At first glance, there is nothing remarkable about bliny, the pancake-like Russian delicacy. After all, they’re only fried batter. But like that proverbial first flapjack, one must cast aside such first impressions in order to discover the refined subtleties of one of Russia’s most beloved and soulful repasts.
The origins of bliny are obscured in mystery and legend, but we do know that the ancient Slavic tribes were well acquainted with them. These pagan ancestors of the Russians attributed magical properties to bliny and used them in their rituals. The round crisp blin was for them a symbol of the sun and warm days, of health and happiness. They were served both to expectant mothers to insure a healthy baby, and at funerals to fortify the next of kin.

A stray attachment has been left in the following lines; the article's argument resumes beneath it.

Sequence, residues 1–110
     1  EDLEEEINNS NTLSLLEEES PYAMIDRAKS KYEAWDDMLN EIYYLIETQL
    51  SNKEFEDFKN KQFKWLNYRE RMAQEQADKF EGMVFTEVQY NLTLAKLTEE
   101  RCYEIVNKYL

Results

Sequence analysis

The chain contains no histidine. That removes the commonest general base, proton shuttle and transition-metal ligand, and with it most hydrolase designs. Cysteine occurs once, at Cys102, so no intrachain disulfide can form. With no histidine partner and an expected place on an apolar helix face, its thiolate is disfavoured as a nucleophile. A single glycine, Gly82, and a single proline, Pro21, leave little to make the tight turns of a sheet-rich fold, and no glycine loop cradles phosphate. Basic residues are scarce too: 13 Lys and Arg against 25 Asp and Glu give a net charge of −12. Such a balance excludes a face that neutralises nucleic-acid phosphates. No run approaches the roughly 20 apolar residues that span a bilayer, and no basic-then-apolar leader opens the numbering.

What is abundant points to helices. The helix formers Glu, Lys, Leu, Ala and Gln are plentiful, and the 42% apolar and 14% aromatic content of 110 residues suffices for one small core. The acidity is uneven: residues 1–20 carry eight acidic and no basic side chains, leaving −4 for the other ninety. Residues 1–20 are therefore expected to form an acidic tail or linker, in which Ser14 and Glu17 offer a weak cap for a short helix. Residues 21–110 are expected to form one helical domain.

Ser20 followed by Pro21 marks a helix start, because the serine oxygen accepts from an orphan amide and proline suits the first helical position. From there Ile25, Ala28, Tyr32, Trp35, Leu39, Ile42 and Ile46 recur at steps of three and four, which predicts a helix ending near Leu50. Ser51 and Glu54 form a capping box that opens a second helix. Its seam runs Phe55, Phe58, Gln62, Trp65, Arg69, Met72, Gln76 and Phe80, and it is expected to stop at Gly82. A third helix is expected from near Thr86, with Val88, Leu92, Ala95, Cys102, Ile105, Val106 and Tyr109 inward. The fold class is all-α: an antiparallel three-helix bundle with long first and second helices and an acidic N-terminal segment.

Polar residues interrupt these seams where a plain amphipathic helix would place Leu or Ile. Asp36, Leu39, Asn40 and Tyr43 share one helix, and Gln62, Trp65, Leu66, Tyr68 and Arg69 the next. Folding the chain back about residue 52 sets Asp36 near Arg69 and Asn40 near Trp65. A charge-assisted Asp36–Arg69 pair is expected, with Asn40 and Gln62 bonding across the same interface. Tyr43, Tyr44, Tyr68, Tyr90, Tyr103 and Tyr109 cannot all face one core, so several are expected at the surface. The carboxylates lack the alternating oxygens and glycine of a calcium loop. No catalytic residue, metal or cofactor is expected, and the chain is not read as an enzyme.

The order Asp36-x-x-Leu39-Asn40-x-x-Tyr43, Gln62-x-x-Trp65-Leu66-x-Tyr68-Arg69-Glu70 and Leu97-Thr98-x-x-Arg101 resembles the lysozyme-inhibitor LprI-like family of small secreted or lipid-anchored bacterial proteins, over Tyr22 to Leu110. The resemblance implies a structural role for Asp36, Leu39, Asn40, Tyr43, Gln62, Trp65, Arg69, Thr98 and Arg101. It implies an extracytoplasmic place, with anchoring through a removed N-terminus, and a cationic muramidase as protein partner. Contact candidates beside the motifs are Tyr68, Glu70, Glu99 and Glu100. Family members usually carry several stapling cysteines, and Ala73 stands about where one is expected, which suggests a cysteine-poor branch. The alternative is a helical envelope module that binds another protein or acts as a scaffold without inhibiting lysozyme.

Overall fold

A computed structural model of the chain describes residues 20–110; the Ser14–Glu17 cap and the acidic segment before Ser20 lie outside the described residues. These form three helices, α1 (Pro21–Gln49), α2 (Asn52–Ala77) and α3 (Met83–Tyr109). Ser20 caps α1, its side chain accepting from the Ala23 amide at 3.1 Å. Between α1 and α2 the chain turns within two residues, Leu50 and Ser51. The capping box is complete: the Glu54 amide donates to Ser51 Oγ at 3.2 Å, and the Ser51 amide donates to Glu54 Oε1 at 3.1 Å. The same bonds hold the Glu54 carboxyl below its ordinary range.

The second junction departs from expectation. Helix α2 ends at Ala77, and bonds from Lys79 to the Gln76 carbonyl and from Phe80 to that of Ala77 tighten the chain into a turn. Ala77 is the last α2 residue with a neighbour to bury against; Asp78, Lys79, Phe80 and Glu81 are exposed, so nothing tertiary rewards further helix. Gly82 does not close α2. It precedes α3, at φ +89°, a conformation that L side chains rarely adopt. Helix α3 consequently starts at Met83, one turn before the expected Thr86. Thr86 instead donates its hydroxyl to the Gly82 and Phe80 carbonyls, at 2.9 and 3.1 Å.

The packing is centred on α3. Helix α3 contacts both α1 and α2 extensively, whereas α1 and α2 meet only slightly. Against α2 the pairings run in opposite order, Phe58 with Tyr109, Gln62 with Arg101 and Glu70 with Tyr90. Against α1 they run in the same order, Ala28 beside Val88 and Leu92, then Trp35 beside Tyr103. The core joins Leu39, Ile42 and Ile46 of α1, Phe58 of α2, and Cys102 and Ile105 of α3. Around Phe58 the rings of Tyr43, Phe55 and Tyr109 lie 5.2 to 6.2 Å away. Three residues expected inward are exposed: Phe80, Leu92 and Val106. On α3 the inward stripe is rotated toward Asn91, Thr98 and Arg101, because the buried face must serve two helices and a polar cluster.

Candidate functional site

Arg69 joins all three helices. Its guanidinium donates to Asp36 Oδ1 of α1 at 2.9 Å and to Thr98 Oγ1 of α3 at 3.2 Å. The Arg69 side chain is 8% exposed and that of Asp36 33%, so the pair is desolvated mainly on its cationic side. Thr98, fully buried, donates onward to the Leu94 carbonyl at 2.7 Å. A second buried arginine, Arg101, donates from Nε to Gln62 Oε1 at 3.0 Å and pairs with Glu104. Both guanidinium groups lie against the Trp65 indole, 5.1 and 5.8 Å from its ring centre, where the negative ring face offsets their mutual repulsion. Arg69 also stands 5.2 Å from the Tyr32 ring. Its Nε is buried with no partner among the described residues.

Bliny are integrally linked with one of the eastern Slavs’ most lively festivals — Maslenitsa — an exuberant late-February farewell to winter, where Russians make merry and gorge themselves on bliny.
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Russian Life is a publication of a 30-year-young, award-winning publishing house that creates a bimonthly magazine, books, maps, and other products for Russophiles the world over.
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